This week has been another busy week for Democratic voters. With Bernie Sanders and Pete Buttigieg taking 43 of the 64 delegates declared so far, Joe Biden has already retreated to his “firewall” of South Carolina. Even the Democratic ladies have had a better showing than Biden with Elizabeth Warren and Amy Klobuchar taking eight and seven delegates respectively. Joe Biden ended the week with only six. But it’s still early and a breakdown of the delegates isn’t really what I found the most curious this week.
In watching interview after interview this week where reporters were asking local voters who they were voting for I noticed quite a few said that they still hadn’t decided. It was literally voting day with hours left till the polls closed and they were sitting around in crowded diners or coffee shops watching the news to see who would step up as a front runner. Is that what democratic voting has come too? Simply waiting until the last minute to see who has the strongest lead and then racing to the polls to vote?
Given the Democratic mantra of electing someone – anyone – who is capable of defeating President Trump as the utmost important quality in a candidate, it bares to reason that my deduction is correct. For the Democrats it doesn’t matter how far left the party has gone – and it has gone absolutely off the map this cycle in that regard. Policies be damned. They only want to give their vote and ultimately the party nomination to anyone who can take down Donald Trump. It’s their only hope now that their bid at impeachment has failed. Unless they go for impeachment 2.0 and for that we’ll just have to wait and see.
But I have some advice for Democratic voters.
Now I’m not that obtuse as to believe there are many democratic voters reading my columns. However, on the off chance there are people out there of any or no political affiliation who are wondering who they will vote for come November then I offer up my non-partisan advice. And the good part is, it’s pretty simple and honestly just good old common sense.
Be selfish with your vote.
That’s it. Vote for the candidate who’s policies will benefit you the most. It’s honestly not rocket science but many people have lost sight of the fact that who you vote for is a very personal decision. Your needs and wants are likely much different than mine the same that a 20 year old college student’s needs and wants are vastly different than a 47 year old father of three or a 72 year old retiree. Regardless of who you are or where you are in life the people you want in government should be those who look to serve you the best and who will provide that which you want the most.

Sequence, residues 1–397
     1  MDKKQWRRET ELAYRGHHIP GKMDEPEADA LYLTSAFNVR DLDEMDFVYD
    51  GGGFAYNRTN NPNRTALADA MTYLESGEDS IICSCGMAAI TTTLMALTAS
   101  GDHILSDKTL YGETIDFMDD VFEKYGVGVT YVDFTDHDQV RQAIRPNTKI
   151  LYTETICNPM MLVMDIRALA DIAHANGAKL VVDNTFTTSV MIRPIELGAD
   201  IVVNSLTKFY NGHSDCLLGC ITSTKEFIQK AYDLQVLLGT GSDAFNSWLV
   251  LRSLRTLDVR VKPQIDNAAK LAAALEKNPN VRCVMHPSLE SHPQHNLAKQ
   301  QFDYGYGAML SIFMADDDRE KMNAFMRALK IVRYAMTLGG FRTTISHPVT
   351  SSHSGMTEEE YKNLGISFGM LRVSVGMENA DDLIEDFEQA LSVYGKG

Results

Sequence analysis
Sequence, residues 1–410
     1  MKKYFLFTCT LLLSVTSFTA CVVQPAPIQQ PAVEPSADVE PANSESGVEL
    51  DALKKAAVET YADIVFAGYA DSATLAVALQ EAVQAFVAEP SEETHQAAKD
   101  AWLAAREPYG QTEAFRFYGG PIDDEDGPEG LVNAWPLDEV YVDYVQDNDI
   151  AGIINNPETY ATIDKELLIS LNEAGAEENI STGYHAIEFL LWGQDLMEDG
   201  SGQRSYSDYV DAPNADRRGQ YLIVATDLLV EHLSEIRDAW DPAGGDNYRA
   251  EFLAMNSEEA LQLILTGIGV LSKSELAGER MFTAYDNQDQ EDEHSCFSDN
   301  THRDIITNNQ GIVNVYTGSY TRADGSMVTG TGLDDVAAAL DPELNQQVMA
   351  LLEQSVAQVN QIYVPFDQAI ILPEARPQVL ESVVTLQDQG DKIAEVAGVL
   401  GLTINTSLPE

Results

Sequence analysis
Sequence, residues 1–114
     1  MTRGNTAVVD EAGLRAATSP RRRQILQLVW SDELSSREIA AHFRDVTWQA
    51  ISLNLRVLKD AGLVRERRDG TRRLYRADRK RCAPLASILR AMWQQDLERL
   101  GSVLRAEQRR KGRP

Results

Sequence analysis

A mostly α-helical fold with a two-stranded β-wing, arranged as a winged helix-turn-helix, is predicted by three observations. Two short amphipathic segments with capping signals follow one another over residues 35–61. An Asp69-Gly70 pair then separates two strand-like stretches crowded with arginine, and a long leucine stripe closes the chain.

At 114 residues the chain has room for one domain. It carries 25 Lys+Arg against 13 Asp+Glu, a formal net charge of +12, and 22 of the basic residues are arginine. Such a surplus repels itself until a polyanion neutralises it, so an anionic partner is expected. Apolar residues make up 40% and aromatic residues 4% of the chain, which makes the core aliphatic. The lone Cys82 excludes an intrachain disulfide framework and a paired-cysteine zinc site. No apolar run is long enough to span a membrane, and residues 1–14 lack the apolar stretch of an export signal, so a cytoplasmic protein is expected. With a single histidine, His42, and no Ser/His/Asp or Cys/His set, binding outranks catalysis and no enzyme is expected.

The trick is finding candidates who will actually deliver on their campaign promises that mirror your wants and ideology. Historically speaking campaign promises are good for one thing and one thing only – getting votes. Once the candidate is in Congress, the Senate or the White House the candidates positions tend to change dramatically. And typically not in alignment with what you voted them to office to do. This is not only an issue for Democrats or Republicans. Oddly enough the only bipartisan thing to consistently happen in politics over the years is breaking campaign promises.
It makes you stop and think, though. If that’s the case then why are Democrats so adamant about getting President Trump out of the White House? He is one of the first politicians to actually deliver an a decent number of his campaign promises. He’s building the wall, though Mexico has yet to pay for a single foot of it. He has rebuilt the military, cut taxes, got us out of NAFTA and negotiated a much better deal in with the USMCA, has created 6.6 million jobs and removed regulations allowing for the US Economy to become the strongest it has ever been with record breaking stock market closures being almost a weekly event. However I am still waiting for the healthcare plan he promised that would fix all that the ACA destroyed and to see some fiscal responsibility return to the Republican party – but that’s a column for another day.
The point here is everyone should be voting for candidates who will best serve their or their families interests. How do you go about identifying those candidates when you have seemingly an unlimited number of candidates like what the Democrats do today? Well, come back next week and I think I have something that can help you out in that regard too.